How Your Values Determine the Way You Cope with COVID-19
The continuing stress of managing changes brought on by COVID-19 can wear on us emotionally, mentally and even physically. Living in a sustained heightened anxiety will amplify any strain that already exists in any of our personal or work relationships. Our responses will determine whether these relationships are strengthened or whether cracks that already existed will now erupt into divorce or other conflict.
With so many unknowns, we have to be cautious to avoid giving too much of our attention to speculation, as our imaginations tend to focus on the thing that we fear the most, rather than what is most likely to happen. You will be changed by whatever circumstances you are facing right now, but that does not mean you have to be changed in a negative way. Survival does not have to mean sacrificing your values along the way or turning to habits that will damage you in the long run. You can take control of the way you change by deciding what is most important to you, what continues to give you fulfillment and joy, and the kind of person you want to be, both for yourself and for those closest to you.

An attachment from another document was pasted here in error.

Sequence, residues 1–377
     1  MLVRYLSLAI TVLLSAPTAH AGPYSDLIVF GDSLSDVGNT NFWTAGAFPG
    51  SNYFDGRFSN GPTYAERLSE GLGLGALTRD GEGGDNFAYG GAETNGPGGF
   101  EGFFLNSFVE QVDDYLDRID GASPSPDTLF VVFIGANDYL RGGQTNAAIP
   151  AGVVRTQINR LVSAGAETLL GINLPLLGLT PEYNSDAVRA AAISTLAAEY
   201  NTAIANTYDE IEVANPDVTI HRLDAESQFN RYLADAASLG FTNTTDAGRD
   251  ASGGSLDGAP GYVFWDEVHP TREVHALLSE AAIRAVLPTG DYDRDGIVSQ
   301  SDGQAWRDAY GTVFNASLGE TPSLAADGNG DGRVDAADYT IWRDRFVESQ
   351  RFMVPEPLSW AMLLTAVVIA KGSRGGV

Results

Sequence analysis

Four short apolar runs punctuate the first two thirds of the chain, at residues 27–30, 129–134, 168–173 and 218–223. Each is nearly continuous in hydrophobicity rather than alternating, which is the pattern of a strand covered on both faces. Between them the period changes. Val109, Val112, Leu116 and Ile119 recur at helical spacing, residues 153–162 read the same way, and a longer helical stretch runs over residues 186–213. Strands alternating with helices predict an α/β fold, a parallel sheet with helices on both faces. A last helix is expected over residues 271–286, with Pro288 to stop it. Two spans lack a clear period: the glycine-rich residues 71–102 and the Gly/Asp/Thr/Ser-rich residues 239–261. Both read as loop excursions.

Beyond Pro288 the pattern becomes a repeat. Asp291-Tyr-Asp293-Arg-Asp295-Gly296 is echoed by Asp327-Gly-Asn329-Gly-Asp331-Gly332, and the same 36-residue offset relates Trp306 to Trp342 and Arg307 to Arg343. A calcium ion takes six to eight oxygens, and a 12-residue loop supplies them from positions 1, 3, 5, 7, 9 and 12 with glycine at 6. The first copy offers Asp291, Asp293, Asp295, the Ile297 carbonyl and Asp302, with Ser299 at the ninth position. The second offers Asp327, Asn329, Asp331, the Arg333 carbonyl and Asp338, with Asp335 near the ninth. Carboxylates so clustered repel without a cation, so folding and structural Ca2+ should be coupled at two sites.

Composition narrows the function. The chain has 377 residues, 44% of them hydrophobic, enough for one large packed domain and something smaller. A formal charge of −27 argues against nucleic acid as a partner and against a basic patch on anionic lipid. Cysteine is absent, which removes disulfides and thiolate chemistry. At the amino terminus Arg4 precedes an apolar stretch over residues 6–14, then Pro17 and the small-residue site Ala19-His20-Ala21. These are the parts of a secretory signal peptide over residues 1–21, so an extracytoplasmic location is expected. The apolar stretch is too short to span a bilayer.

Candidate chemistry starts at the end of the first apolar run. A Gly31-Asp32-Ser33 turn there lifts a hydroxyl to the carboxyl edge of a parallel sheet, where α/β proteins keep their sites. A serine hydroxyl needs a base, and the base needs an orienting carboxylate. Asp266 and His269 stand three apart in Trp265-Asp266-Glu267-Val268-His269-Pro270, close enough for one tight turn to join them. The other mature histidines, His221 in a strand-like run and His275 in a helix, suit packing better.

It’s the way each individual copes during this time that will determine whether they come out of all of this with a renewed sense of mission, direction and purpose. Making poor choices out of fear can exaggerate and expose weaknesses in our character, the way we treat others, or in our relationships. Poor choices could cause damage that is difficult to recover from, such as acting out of selfishness, devaluing certain individuals for our own purposes, or ignoring the needs of those who depend on us. Positive choices, however, can build stronger families and friendships. By identifying what and who is most important to you and focusing on your personal values, you can become stronger as a person and as a family.
Larry Deavers is a License Independent Clinical Social Worker and Executive Director of Family Counseling Service of West Alabama.